1. Centre the divider with its bottom edge flush with the bottom edge of each pedestal leg and secure it with screws. Note that the top one should be no more than 80mm from bottom of the pedestal so that it will be hidden by the bin side.
  1. Centre the divider with its bottom edge flush with the bottom edge of each pedestal leg and secure it with screws. Note that the top one should be no more than 80mm from bottom of the pedestal so that it will be hidden by the bin side.
  1. Both these screws will be hidden when the unit is assembled, but ensure that they are countersunk a little so that the pedestal and inner surface of the bin fit without any gap between them.
  1. A single screw on each side then attaches the pedestal to the side but this again is sunk in only to when its head is flush with the surface as it will be capped.
  1. The base was then attached to the unit with three screws per side and a further five into the divider. This ensures that the base is very securely attached to the unit. Note that all these screw heads are countersunk at least a couple of millimetres below the surface of the wood so that there is no chance of any head snagging on a carpet thread.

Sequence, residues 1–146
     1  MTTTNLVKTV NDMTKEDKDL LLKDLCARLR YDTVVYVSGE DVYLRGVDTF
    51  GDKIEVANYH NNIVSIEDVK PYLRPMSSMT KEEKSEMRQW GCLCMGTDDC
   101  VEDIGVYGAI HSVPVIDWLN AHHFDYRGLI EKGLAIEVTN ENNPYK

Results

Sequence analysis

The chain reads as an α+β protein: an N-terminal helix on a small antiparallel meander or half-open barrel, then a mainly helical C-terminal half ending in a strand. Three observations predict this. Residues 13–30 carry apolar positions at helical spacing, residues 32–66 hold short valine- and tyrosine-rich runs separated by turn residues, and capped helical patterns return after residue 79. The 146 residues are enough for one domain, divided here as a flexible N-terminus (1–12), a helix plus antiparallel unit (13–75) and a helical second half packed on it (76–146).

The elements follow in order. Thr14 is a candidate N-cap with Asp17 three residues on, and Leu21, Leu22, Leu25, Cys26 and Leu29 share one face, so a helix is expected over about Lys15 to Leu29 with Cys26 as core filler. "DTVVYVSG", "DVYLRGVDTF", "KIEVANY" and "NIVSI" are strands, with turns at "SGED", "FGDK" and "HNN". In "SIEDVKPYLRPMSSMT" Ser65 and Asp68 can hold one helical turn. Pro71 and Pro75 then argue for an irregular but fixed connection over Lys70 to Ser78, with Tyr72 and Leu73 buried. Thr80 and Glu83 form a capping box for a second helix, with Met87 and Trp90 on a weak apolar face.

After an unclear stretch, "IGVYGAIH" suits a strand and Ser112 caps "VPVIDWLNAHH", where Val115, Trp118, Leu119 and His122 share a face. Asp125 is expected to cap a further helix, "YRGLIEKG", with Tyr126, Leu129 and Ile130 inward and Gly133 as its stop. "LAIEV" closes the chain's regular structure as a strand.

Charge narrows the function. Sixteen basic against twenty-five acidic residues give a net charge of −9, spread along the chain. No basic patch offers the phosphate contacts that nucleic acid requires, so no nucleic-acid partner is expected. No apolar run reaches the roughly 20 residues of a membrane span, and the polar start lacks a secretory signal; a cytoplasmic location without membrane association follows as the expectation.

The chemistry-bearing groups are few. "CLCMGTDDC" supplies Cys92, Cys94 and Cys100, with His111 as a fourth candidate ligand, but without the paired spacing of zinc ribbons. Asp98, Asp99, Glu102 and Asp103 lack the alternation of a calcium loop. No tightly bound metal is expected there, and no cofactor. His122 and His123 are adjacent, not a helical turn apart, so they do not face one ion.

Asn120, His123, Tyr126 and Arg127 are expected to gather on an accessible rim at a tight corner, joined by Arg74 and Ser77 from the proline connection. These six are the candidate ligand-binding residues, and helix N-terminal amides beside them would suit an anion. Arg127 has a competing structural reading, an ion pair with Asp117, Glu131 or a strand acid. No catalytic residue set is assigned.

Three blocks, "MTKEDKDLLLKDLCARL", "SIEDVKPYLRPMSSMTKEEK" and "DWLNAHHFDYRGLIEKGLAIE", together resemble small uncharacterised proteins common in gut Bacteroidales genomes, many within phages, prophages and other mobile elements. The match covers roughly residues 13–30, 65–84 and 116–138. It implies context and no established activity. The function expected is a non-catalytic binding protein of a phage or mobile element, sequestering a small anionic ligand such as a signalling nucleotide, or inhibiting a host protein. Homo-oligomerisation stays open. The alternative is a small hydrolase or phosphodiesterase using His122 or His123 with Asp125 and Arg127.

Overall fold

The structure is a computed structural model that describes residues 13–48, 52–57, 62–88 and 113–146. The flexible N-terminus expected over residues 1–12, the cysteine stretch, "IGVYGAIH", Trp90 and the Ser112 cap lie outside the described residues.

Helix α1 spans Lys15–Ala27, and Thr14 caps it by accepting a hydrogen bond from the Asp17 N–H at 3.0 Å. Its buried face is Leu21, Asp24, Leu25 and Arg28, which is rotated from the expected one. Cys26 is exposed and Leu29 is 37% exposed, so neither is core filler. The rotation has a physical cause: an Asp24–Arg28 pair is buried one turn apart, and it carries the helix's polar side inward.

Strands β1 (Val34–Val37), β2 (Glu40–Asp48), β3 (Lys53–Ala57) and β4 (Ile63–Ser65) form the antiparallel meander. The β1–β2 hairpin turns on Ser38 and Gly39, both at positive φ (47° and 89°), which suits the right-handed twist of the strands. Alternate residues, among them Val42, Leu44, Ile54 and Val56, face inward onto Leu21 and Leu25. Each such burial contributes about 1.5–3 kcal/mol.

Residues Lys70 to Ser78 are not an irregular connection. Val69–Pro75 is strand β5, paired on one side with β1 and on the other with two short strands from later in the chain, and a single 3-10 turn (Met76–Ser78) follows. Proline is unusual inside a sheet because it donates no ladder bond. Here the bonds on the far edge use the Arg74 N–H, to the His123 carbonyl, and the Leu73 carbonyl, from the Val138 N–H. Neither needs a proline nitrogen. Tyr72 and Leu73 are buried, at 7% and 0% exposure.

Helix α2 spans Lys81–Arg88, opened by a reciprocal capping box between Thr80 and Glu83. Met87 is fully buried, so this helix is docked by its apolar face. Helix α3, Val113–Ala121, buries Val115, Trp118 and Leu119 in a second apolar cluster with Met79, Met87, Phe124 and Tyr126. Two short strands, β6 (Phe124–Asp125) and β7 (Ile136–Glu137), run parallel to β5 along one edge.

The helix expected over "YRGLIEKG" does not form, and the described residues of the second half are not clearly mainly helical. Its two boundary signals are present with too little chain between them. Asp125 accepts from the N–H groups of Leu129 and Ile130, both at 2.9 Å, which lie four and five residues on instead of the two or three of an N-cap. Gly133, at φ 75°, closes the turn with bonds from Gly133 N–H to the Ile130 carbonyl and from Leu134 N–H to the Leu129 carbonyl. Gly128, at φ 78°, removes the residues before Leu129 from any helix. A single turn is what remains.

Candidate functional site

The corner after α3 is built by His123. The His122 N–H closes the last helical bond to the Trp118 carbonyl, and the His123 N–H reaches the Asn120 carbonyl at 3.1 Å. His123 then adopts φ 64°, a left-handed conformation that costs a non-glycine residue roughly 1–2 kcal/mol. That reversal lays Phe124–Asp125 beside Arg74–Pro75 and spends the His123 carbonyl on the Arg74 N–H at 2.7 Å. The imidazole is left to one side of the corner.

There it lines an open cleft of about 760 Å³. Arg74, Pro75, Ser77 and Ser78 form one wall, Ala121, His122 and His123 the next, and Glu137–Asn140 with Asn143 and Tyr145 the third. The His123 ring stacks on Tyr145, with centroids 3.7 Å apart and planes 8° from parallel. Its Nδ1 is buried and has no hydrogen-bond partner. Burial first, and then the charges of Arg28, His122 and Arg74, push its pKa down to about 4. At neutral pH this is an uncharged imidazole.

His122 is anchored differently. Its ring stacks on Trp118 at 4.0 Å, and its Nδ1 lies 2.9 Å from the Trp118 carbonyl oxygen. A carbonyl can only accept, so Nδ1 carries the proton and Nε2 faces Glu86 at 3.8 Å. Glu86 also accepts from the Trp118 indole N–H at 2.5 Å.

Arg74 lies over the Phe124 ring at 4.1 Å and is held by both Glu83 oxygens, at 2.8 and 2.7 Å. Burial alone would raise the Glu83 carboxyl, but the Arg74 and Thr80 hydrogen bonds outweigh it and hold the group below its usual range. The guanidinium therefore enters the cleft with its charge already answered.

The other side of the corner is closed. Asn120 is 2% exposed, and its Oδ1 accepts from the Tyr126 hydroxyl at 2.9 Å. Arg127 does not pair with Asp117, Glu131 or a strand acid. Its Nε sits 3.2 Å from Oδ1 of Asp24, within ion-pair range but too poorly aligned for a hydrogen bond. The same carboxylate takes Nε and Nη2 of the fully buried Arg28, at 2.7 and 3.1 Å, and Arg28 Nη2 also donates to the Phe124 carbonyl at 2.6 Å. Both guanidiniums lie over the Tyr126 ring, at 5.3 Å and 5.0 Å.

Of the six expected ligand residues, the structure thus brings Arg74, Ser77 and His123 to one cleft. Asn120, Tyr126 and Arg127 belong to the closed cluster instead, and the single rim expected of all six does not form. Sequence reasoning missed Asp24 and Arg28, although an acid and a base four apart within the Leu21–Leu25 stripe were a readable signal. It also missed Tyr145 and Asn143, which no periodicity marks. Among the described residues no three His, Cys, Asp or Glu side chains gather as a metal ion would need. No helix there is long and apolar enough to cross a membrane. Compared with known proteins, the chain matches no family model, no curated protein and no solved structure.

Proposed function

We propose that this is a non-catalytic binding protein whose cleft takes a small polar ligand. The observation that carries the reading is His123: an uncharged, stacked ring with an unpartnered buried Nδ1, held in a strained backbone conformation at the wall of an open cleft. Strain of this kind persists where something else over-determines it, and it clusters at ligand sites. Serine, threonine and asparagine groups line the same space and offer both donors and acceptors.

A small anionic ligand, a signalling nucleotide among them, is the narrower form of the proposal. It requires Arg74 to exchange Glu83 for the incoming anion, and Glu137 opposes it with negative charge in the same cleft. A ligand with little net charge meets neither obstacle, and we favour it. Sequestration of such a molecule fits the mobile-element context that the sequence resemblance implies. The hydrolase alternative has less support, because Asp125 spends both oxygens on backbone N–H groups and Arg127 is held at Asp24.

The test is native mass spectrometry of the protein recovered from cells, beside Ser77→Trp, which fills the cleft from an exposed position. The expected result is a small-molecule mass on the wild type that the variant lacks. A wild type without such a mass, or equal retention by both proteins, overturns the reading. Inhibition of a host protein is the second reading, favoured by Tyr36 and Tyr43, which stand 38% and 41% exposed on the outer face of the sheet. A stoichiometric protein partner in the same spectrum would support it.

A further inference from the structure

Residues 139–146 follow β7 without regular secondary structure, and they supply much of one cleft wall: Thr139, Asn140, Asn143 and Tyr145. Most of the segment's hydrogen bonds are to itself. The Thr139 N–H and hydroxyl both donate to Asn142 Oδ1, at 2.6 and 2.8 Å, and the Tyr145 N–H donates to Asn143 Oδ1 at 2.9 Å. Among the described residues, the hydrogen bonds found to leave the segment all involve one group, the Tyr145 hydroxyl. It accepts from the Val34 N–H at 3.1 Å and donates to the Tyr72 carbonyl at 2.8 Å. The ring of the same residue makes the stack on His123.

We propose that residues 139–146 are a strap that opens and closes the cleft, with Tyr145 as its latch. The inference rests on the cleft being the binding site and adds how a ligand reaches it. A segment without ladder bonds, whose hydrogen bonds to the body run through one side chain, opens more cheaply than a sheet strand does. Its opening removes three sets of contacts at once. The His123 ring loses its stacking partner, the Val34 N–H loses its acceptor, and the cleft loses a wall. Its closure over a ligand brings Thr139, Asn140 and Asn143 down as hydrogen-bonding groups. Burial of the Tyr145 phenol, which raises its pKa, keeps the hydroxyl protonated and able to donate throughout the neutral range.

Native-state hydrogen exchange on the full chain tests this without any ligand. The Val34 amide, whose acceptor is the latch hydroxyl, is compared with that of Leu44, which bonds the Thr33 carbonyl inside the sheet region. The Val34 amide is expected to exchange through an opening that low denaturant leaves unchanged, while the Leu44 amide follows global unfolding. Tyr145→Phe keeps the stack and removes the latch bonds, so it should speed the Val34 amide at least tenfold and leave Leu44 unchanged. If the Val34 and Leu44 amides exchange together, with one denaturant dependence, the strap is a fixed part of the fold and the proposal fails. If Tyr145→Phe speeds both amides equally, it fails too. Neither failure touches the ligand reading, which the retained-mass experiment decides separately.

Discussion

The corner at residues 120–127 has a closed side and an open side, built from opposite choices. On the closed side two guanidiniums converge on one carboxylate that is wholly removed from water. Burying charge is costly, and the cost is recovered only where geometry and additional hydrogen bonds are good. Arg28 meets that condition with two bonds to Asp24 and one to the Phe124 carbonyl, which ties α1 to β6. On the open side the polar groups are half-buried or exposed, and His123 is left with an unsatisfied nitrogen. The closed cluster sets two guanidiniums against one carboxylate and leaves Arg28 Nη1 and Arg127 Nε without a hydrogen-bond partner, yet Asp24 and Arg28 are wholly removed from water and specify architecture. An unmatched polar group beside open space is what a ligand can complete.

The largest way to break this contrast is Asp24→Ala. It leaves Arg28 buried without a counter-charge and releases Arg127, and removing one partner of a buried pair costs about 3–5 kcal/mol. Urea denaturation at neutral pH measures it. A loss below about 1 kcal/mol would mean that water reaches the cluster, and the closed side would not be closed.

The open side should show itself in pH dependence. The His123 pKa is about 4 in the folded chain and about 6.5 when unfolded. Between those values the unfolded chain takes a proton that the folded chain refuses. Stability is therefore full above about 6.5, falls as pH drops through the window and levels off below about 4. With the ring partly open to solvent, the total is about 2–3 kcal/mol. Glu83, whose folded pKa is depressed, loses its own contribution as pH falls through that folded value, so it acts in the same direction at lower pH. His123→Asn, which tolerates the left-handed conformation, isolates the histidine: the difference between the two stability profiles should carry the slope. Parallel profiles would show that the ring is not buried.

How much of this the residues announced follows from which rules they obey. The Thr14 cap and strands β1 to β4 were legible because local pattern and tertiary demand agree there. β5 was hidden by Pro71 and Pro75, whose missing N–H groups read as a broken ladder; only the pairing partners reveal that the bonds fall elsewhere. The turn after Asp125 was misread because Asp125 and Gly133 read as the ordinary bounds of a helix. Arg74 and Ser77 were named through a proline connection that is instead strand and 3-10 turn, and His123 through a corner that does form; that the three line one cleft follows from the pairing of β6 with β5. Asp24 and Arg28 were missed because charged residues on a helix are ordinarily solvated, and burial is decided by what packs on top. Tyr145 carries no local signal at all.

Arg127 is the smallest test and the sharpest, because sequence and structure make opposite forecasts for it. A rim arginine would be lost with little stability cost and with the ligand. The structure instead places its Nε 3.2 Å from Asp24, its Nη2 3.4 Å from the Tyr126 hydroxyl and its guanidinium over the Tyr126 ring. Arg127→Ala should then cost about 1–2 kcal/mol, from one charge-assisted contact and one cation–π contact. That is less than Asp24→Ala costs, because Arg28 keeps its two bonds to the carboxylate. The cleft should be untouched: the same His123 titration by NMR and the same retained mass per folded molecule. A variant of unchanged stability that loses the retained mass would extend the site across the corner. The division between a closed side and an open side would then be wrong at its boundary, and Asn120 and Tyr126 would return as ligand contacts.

1. Sand all surfaces to a smooth finish.
  1. Finally, each exposed screw head was capped – with the exception of those in the base and the three on each side fixing the pedestals to the battens as they are out of sight anyway.

This unit has been left with a natural finish for the moment so that you can see the detail, but can hereafter be painted or varnished as required.

Now you have space to keep your magazines and books while keeping the tabletop clear for the cup of coffee you have been craving.


These materials are available at Selected Mica Stores. To find out which is your closest Mica and whether or not they stock the items required, please go to www.mica.co.za, find your store and call them. If your local Mica does not stock exactly what you need they will be able to order it for you or suggest an alternative product or a reputable source.

Project guide

  • TIME: 3 days
  • COST: R400
  • Skill: 4
  • Assistant: No 

Tools required:

  • Circular cut-off saw
  • Orbital sander
  • Cordless or mains drill/driver.